Theo was working very hard, beginning to build a career as a jewellery designer and I went on from Thea Porter to become a photographer’s agent – which, not unsurprisingly, took me into the world of photographers, models and advertising agencies. Managing the careers of creative’s was something I enjoyed enormously for a few years – but, after my daughters were born, I found working long hours away from them too difficult – the dilemma of every working mother – I missed them too much.
So I returned to my roots in the rag trade and set up a business that I could run from home, selling Designer samples and excess stock to a list of private clients. I have been doing this happily for the past 20 years. Many of my clients have become great friends. Dressing women is a very intimate experience – the vulnerabilities and insecurities, which so many of us share, make my job very revealing - in every sense. Some of the things I have been told by people have very surprising indeed and I am often reminded that life really is stranger than fiction.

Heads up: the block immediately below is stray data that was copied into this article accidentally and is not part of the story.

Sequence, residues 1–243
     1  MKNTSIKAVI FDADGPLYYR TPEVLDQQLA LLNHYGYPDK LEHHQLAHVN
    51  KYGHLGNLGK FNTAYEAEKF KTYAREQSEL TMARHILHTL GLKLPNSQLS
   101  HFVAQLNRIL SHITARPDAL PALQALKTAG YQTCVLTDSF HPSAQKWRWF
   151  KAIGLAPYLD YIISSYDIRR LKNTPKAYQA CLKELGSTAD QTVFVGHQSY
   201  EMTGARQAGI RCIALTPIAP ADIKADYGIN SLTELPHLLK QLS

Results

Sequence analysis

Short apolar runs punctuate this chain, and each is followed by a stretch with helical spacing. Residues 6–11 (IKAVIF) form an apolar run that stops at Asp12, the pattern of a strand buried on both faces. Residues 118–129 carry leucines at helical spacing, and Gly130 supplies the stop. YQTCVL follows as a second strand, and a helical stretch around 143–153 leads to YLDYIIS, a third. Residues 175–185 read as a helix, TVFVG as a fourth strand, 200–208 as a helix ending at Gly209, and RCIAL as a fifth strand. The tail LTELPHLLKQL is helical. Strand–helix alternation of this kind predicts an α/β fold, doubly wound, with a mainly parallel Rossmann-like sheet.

Then along came this novel – quite unexpectedly – although I have been writing for years. Book outlines, screenplays, a TV series or two. I never had the confidence to show them to anyone – until Dead Rich. When I told a friend about The Spenders - three generations of a rich, famous family behaving very badly – she just said ‘write it’ and gave me a copy date. That was the spur – The Spenders had lived inside my head for a long time before I started to write about them…so when I finally let them out they were soon elbowing each other out of the way to get as much page space as possible. Lots of things they said and did shocked even me! So, where did all this stuff come from…pouring out onto the page? Where indeed?
Then I look back at my life so far and I realise – ah – that’s where!